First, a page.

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Legal Insights: How Proposed SEC Changes Could Affect Hedge Fund Investments


July 15, 2007

Read Time

4 minutes


For high-net-worth individuals and institutions, hedge funds offer appealing investment options and more flexibility with much less regulation than mutual funds. Savvy fund managers, who don't need to register as investment advisers, can do pretty much whatever it takes – from leveraging to short selling – to earn return on investment.

Net worth and income requirements have historically limited these investors to a small, exclusive group. But changes in the economy over the past decade or so, have opened up hedge funds to a larger swath of individuals.

Under current Securities and Exchange Commission (SEC) rules, investors can use their primary residence to meet their qualification requirements for net worth," says Aaron Kase, partner with Levenfeld Pearlstein, LLC, a Chicago-based law firm. "With the increase in real estate prices over the last couple of years, a greater percentage of the U.S. population passes the accredited investor test."

Smart Business discussed with Kase the proposed changes, the potential implications of these changes and the best courses of action for hedge fund managers and investors.

Which individuals are currently legally eligible to purchase hedge funds?

Under current securities rules, which have remained mostly unchanged for the past 25 years, individuals have to meet income or net-worth requirements to purchase an interest in a hedge fund. To qualify as an 'accredited investor,' individuals need to have had $200,000 of income in each of the past three years, or $300,000 including a spouse and have the expectation of making at least as much in the current year. Otherwise individuals need to have at least $1 million in net worth, which can include a primary residence.

How could proposed legislation change who qualifies?

Recently, the SEC proposed changes to the requirements that would make it harder for investors to participate in the hedge fund market. These potential amendments would require individuals to also have $2.5 million in investments, including assets like securities or investment property. This would raise the wealth requirements and mean that individuals could no longer count the value of their home toward the total investment assets. Married individuals could only count half of their marital assets, meaning a couple might need as much as $5 million in investments to participate in hedge funds.

What are the implications of these proposed changes?

The SEC has received a large number of negative comments on its proposal from the public. The feedback typically states that it's inappropriate to limit people's investment decisions based on the amount of investment assets they possess. If the SEC adopts these proposed modifications, many individuals would be pushed out of the hedge fund market.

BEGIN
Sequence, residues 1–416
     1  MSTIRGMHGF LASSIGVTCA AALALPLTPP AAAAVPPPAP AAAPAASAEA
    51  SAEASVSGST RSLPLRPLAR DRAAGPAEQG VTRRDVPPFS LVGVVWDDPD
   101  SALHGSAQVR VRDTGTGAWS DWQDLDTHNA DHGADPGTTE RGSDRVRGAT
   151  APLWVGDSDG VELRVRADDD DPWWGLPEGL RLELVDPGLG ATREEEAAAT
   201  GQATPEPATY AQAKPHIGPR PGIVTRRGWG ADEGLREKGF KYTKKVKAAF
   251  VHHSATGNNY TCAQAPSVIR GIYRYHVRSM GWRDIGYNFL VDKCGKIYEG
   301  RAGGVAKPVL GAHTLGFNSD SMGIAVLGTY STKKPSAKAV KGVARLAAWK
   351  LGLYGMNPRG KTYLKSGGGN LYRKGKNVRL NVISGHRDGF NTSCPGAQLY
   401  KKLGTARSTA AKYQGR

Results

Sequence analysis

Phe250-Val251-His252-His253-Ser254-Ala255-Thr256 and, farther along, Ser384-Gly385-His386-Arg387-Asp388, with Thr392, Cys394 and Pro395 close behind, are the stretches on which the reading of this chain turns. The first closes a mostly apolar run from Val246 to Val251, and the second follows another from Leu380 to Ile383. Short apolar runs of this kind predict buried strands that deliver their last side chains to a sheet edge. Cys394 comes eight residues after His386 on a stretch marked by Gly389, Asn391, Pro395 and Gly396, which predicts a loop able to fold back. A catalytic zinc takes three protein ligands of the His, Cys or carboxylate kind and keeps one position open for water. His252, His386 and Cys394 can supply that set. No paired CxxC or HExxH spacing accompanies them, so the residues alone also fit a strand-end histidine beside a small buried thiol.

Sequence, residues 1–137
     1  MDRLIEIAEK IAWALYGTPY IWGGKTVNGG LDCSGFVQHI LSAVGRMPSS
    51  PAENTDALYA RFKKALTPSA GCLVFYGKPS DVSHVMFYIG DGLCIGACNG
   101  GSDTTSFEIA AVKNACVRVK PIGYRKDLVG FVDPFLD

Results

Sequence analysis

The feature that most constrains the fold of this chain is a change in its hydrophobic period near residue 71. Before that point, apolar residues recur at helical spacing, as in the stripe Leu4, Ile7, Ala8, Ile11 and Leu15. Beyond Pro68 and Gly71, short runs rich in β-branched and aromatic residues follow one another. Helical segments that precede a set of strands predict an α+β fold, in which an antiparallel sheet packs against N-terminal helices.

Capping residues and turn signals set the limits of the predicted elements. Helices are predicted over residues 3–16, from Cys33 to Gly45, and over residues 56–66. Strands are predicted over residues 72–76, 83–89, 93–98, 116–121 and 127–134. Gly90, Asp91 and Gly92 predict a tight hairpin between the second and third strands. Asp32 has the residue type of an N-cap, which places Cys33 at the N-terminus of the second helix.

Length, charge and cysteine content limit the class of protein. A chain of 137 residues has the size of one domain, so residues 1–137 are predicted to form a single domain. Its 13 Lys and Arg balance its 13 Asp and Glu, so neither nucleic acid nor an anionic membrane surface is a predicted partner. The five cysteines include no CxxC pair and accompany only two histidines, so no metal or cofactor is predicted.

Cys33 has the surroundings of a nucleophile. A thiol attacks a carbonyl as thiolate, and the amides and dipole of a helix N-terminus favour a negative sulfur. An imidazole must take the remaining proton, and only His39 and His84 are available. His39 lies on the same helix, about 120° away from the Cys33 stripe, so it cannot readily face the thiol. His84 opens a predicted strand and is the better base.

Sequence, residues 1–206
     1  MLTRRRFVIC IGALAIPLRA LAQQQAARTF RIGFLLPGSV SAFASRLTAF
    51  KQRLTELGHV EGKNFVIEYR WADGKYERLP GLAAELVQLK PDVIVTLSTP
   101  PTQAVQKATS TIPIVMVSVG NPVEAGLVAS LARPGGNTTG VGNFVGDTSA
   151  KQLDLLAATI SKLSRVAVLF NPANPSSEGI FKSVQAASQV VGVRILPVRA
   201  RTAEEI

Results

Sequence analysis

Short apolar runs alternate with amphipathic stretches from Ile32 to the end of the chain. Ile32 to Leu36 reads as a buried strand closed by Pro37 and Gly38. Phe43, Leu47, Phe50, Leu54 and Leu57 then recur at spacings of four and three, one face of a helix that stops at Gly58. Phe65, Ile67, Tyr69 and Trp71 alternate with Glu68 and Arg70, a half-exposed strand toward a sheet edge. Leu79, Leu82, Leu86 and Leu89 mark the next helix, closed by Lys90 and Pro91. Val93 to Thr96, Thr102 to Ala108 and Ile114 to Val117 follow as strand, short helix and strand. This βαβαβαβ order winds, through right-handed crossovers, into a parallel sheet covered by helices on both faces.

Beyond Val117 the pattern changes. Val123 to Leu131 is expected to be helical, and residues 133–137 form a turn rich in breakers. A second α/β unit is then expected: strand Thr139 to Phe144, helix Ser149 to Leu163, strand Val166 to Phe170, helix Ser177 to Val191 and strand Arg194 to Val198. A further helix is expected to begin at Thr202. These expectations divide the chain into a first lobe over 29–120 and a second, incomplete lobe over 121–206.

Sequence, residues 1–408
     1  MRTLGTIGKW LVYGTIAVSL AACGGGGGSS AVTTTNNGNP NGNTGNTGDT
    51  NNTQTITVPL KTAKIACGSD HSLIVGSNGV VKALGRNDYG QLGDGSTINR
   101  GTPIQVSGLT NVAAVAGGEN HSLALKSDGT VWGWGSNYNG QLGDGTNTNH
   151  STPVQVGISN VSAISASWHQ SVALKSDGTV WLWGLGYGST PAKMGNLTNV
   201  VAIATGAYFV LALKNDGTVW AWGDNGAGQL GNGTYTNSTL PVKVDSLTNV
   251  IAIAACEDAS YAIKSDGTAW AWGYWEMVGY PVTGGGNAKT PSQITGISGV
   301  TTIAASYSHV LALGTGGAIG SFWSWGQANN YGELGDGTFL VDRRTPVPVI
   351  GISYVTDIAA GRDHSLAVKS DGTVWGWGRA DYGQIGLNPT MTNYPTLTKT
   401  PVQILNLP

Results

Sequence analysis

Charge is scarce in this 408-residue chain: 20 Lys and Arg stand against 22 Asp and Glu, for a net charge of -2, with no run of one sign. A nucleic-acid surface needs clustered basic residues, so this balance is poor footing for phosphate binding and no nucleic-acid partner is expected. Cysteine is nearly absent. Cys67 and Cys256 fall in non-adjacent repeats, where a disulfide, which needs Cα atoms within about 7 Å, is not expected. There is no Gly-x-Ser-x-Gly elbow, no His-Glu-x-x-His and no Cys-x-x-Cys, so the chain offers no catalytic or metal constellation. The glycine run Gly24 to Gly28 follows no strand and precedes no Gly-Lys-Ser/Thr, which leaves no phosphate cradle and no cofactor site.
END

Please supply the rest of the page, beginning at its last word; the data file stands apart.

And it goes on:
My sense is that large hedge funds, those with $1 billion or more in assets, don't need to be concerned about this issue. Most of these funds already limit their investors to those who meet the higher, more stringent qualified purchaser status requirements of $5 million in investment assets for individuals and $25 million for most entity investors.

Smaller hedge funds would experience a much greater impact from these more restrictive requirements. These smaller investment entities would have a more limited pool of potential investors. Also, depending on how any final rule is worded, hedge fund managers could end up with investors in their fund who would not have the ability to further invest in the fund or to invest in subsequent funds.

What advice would you give to new hedge fund managers?

It's essential to stay informed, think about whether potential investors will meet the higher standards, and include as many investors who meet the more stringent requirements as possible.

Ask if potential investors still qualify under the higher proposed standard. The proposed rule has some grandfathering provisions. It's in the hedge fund managers' best interest to limit the investor qualification risk based on possible SEC changes.

Why is it important to select a knowledgeable hedge fund adviser, and why is a proven track record important?

The key risk in a hedge fund is the hedge fund manager. Mutual funds are registered investment companies that have a lot more restrictions in terms of governance, type of investments and investment practices. These constraints limit the ability of managers to take advantage of market inefficiencies, but they also protect investors from unscrupulous or incapable managers.

It's important to thoroughly research the fund manager, including his or her track record, and to read the fund documents carefully. If individuals don't feel comfortable doing this research, they can invest in a fund of hedge funds. The fund of funds diversifies manager risk by investing in several different hedge fund managers.


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